In response to chronically lower prices for high-value sockeye, Cook Inlet commercial fishermen – like those in the rest of Alaska – have tried to up their harvests to maintain profits.

In the interest of catching more fish, the 32-foot, 200-horsepower, 7-ton gillnetter that was the Inlet norm in 1978 has grown into a 36-foot, 350-horsepower, 11-ton vessel, according to the CFEC, and UCIDA has invested in lawsuits to try to remove restraints on harvests imposed by conservative state fishery managers.

Suing to victory

UCIDA went into federal court in 2013 to demand the feds take over management of salmon in the U.S. water of Cook Inlet under the terms of Magnuson-Stevens. The state, the suit argued, was mismanaging the area by failing to adhere to the “maximum sustained yield” principle of the act named for two iconic U.S. Senators long dead – Democrat Warren Magnuson from Washington state and Republican Ted Stevens from Alaska.

State efforts to manage fisheries to protect weak stocks of coho (silver) and Chinook (king) salmon in the big, mixed-stock fishery of the Inlet, UCIDA argued, were leading to “over-escapements” of pink, chum and sometimes even sockeye salmon.

The pinks and chums were largely a smokescreen. Forty years of CFEC data shows that the plentiful pinks and chums together historically comprise but 3.6 percent of the value of the Inlet drift catch. Almost 87 percent of the value is in sockeye and the rest in the kings and silvers prized by anglers fishing the rivers surrounding the Anchorage metropolitan area to the north, south, east and west.

Conflicts have arisen even under state management when the gillnet fleet has hammered some of those fish as happened with coho in the Inlet last year. Fearing the power of the people in the state of Alaska – the commercial drifters are vastly outnumbered by anglers, dipnetters and subsistence fishermen – UCIDA went into federal court in an effort to find a friendlier regulator to oversee Inlet salmon management.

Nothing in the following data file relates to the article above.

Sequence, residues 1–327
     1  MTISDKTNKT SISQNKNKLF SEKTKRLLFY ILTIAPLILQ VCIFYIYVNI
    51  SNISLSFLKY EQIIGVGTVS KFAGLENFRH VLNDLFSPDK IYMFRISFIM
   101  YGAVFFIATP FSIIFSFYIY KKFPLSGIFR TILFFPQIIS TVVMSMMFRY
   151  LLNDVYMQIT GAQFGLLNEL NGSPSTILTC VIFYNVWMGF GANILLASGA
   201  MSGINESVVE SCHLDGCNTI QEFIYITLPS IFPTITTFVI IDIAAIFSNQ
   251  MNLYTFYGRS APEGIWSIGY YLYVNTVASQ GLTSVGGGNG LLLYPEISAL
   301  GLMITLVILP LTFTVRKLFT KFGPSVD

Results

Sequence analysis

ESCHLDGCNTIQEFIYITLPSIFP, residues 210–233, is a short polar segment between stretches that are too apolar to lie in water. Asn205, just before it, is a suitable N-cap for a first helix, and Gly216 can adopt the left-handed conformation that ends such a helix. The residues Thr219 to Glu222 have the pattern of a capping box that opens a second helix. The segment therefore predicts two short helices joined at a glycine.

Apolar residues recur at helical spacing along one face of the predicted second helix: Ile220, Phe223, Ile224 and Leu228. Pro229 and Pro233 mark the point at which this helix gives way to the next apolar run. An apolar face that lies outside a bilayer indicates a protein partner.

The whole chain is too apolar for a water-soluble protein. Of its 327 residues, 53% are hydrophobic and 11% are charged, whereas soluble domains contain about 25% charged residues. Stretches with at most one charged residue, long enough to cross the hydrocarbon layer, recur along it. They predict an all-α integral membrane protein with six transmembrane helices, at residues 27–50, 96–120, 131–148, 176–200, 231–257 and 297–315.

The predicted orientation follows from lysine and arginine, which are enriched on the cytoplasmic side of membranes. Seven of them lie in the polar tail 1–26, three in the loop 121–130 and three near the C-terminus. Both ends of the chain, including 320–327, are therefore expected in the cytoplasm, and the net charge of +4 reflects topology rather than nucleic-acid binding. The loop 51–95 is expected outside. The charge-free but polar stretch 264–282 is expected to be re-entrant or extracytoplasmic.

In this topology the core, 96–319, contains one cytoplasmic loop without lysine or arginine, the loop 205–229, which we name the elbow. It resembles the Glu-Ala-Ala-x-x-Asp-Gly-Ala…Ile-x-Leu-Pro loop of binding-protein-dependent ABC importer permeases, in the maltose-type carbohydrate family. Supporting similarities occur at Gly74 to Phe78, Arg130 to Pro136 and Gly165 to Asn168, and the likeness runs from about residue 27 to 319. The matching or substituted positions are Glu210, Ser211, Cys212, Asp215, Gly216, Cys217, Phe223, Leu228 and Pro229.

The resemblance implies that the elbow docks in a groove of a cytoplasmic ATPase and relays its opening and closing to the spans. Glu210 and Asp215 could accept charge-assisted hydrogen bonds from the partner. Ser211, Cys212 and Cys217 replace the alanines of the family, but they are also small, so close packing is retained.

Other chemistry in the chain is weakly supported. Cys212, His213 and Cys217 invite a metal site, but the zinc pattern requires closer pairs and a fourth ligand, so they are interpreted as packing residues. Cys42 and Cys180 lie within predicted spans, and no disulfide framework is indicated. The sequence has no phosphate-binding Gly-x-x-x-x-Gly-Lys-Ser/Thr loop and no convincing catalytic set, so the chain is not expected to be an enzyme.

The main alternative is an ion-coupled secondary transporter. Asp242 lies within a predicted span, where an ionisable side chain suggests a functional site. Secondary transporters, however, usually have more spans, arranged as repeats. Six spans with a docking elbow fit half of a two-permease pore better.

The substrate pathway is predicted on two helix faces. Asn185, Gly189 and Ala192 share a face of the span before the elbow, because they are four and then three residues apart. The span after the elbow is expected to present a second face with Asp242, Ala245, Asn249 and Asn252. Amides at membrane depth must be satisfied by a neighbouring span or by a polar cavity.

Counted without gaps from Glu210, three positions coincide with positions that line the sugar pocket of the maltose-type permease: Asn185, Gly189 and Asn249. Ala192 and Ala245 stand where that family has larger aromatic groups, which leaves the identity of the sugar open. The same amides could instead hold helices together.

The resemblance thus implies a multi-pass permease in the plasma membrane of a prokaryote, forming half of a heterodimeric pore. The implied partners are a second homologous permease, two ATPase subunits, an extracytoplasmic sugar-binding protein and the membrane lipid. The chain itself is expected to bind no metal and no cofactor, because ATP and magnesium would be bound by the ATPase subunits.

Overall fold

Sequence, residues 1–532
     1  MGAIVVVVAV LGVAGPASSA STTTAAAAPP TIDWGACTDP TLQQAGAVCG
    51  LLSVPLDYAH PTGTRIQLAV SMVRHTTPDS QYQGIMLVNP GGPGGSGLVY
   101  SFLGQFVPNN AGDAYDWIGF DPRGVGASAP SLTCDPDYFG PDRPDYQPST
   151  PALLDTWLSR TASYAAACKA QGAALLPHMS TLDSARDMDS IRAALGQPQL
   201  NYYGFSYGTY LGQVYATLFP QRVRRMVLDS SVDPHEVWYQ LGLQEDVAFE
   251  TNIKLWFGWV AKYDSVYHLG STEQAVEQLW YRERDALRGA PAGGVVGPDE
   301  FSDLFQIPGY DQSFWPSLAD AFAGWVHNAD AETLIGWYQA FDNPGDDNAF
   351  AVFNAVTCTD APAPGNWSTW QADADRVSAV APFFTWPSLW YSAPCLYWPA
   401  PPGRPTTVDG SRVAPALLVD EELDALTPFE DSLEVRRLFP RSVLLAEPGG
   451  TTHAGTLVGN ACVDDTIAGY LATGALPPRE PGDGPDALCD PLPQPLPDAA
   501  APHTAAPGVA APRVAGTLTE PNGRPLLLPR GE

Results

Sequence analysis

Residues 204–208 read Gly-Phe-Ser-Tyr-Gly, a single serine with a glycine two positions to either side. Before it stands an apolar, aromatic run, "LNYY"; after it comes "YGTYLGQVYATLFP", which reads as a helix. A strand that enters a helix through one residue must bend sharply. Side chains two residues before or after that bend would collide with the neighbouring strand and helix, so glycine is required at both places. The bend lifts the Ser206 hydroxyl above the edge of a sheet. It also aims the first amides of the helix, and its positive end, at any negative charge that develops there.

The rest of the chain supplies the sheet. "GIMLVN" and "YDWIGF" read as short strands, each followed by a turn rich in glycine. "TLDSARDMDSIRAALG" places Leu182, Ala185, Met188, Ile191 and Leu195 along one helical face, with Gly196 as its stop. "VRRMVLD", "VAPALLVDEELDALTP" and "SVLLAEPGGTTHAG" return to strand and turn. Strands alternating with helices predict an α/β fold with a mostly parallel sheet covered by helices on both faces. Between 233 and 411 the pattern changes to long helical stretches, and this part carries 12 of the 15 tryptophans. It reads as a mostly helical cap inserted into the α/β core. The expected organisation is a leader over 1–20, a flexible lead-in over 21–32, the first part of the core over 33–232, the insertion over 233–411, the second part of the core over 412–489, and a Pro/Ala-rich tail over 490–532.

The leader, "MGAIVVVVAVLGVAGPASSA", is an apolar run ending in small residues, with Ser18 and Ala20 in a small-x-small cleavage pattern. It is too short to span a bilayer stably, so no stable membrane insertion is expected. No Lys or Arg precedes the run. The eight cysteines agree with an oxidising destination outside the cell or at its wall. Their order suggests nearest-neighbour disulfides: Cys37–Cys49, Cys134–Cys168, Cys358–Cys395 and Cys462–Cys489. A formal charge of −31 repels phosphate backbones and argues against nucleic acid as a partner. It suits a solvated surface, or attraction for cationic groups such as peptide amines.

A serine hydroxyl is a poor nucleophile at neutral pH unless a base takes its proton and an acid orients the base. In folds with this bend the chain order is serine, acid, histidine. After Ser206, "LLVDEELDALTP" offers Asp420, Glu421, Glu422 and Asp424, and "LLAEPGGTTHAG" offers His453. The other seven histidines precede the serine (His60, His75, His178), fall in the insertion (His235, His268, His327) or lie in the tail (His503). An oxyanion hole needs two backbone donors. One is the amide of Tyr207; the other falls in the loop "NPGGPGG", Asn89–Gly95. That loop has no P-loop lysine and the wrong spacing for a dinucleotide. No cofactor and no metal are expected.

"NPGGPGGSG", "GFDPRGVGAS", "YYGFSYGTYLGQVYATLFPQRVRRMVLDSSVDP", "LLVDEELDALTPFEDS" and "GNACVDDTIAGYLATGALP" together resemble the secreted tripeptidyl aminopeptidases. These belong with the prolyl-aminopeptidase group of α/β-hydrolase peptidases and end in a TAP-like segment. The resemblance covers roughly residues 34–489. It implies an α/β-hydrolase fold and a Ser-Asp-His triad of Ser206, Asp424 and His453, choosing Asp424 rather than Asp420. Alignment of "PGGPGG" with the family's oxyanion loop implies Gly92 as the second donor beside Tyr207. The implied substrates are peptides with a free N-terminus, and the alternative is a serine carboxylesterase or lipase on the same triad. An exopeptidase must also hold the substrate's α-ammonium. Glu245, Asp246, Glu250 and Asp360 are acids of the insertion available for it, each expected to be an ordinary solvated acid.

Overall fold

The organization isn’t shy about what it wants. As it says on its web page, UCIDA was “incorporated in 1980 to represent the 570 drift gillnet salmon fishing permit holders in Alaska’s Cook Inlet….UCIDA’s purpose is to enhance and perpetuate the interests of this valuable commercial salmon fishing industry.”

The “interests” of UCIDA are simple: money.

The group wants the maximum commercial catch of all salmon to boost the profits of its members. And state fishery managers do not always put maximum commercial catch ahead of in-river needs for spawning salmon, plus salmon for the harvest of non-commercial fishermen.

Were that not enough, the BOF had – until the arrival of Gov. Bill Walker – focused on providing more protection for the last-in-line interests of in-river salmon fishermen. Appointments to the Board by a UCIDA-friendly Walker shifted the dynamic, but not enough to satisfy the commercial fishing group, which recognizes any new governor could easily shift the BOF back to a more in-river oriented salmon management policy.

UCIDA sees the NPFMC with its token representation for sport, subsistence and personal-users of salmon as much friendlier to UCIDA desires.

The 11-voting members in the Council family include the director of the National Marine Fisheries Service (NMFS), whose wife works as a consultant and sometimes lobbyist for commercial fishing interests; representatives of the fishery agencies for the state’s of Washington and Oregon, who largely watch out for interceptions of salmon bound for Pacific Northwest streams and the economic interests of Northwest-based companies that trawl bottomfish off Alaska’s coast; and Alaska Commissioner of Fish and Game Sam Cotten, a former commercial fishermen whose sons still fish Cook Inlet.

Along with the four bureaucrats, the Council has two members from Seattle who represent the interests of Seattle-based, offshore fishing interests in the Gulf of Alaska and Bering Sea; two Alaska commercial halibut fishermen; a commercial salmon fisherman from Kodiak; a member of a group trying to further develop commercial fisheries in the Bering Sea; and the owner of an Alaska charter fishing company.

The latter is the only representative of non-commercial fishing entities.

The NPFMC is “heavily skewed toward commercial sector interests,” concluded a group of fishery policy researchers who reported on NPFMC practices in a study published in Marine Policy last month.